All that I can change is the source code. What needs to be fixed? At this stage, there is an error in the Table of Contents. After the novel, there is a little bit of advertising for my other books. The conversion picked up a couple of items there and added it to the table of contents. The other obvious correction is that a new chapter does not start on a new page. While this is minor with the properly displayed large chapter title, on Stanza, I paged right past it the first time. Making it harder for a reader to navigate around in the book is bad if I can avoid it. Lastly, the cover isn't centered. Perhaps I should have fixed it in the InDesign version, and I will, but I can also fix it in the ePub.
Sigil is an open source ePub editor, that allows both HTML coding and WYSIWYG editing in an optional two pane environment. It also has a metadata editor for title, author, etc. and a table of contents editor.
To fix the cover centering, just click, click in the upper pane and the code is fixed.
For hands-on HTML coding, you use the lower pane and play with the HTML and CSS to your heart's content. For example, the copyright information did not shrink in size like I wanted it to, but by adding a font-size: 50% in the CSS for the style of that front material, even if the user changes font size to their preference, this material will be smaller and less obnoxious. Likewise, the bogus TOC entries proved to be incorrect use of styled types in the advertising section. Changing the HTML to correct the styles removes that problem.
Unfortunately, I often see rendering flaws in Sigil, like the example here, where part of a sentence is skipped, even though it is correct in the source code and shows fine in the other book reader software. It's just something to be cautious about, but Sigil's advantages are definitely worth using.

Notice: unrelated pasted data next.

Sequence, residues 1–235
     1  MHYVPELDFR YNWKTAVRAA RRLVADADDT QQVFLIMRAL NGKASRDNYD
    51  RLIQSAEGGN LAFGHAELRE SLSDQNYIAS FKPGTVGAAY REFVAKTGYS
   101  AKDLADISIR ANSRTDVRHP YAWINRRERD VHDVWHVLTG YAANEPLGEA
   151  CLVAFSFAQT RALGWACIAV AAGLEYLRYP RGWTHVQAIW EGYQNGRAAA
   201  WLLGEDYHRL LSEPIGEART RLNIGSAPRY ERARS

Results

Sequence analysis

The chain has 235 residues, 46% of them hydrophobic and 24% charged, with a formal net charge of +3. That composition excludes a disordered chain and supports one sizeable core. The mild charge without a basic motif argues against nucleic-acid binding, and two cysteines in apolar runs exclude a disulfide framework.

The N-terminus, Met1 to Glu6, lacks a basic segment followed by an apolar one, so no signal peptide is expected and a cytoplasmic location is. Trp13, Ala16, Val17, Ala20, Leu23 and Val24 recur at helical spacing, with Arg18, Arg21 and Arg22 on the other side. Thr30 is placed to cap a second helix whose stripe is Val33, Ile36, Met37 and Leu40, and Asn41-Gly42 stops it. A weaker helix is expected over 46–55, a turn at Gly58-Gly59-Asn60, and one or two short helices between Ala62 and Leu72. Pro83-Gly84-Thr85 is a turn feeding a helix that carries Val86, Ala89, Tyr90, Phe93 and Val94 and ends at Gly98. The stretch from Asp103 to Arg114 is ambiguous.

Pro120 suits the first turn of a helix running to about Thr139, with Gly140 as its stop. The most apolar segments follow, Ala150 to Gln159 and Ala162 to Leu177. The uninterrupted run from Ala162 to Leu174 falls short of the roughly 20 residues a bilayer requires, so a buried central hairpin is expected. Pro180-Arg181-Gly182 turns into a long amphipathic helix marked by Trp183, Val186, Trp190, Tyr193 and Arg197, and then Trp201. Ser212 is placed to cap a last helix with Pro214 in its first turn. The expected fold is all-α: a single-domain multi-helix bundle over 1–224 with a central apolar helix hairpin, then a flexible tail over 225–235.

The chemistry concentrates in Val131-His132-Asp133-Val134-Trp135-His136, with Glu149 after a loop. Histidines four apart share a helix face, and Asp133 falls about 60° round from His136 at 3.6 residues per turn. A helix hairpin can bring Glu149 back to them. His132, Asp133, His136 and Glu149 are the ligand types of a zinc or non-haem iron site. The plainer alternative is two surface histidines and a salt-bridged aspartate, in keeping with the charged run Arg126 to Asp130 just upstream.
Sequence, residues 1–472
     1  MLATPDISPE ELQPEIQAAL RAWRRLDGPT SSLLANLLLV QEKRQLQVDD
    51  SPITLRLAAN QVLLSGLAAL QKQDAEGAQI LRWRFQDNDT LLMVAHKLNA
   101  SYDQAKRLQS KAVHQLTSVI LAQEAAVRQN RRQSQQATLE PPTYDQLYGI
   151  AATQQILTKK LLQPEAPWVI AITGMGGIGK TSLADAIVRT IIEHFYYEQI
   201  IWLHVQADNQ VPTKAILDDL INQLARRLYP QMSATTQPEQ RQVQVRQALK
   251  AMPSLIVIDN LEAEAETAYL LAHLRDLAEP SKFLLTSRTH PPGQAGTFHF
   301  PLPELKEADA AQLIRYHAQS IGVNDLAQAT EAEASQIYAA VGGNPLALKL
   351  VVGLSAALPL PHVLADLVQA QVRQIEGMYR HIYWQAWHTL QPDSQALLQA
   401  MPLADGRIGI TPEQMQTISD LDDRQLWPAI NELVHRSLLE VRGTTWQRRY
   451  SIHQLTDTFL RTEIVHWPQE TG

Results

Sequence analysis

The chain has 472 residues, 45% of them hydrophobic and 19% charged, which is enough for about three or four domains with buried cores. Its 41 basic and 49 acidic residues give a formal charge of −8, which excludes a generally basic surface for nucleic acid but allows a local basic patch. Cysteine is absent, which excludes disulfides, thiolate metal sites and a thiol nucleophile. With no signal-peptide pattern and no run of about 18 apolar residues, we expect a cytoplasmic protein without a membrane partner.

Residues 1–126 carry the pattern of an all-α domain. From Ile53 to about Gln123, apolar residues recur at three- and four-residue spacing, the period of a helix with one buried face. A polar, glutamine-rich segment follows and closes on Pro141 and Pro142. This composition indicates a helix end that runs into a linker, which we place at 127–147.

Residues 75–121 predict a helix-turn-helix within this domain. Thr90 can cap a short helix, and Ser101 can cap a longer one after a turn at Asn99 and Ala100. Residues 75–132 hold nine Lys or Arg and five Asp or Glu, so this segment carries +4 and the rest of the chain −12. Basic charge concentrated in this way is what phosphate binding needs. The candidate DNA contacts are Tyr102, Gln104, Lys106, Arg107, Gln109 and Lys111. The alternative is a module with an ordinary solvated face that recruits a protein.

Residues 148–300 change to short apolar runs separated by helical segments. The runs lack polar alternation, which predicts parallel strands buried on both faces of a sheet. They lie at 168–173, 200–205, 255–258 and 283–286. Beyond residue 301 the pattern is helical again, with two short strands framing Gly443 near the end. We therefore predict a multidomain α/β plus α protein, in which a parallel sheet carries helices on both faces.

So, with some HTML and CSS coding, the end result looks a lot closer to the e-book I would like to present to the world. However, after this pass through Sigil, the Table of Contents information supplied by InDesign has been lost. Perhaps this is an expected result, but it has happened to me with all previous uses of Sigil, and so I psych myself up to regenerate the Table of Contents using Sigil's own TOC tool.
Using the WYSIWYG mode, I visit each chapter title (called 'Issue' in this novel) and Insert Chapter Break (second icon from the right on the top row) just before "Issue". Then I use the Select headings="" pulldown to set the code to Heading 2. Finally, just in case, I apply center formatting to the chapter title. Repeat for each place I wish to start on a new page.
The Chapter Break marks places to start on a new page. Sigil's TOC generator seems to use only the Heading tags to generate its entries (vs a more flexible system in InDesign)
There is also a Metadata editor, which would have been useful to correct a character in the description field, but proved difficult to edit-in-place. I had to copy the text to an external editor, change the curved-single quote to a straight apostrophe, delete the description field and the re-add it using copy and paste.
The calibre ebook conversion system also has metadata editing, and is much easier to use, however calibre sucks the files into it's own library and is difficult for such in-place changes. When you save to file, it exports a directory tree with the file name changed to its structure.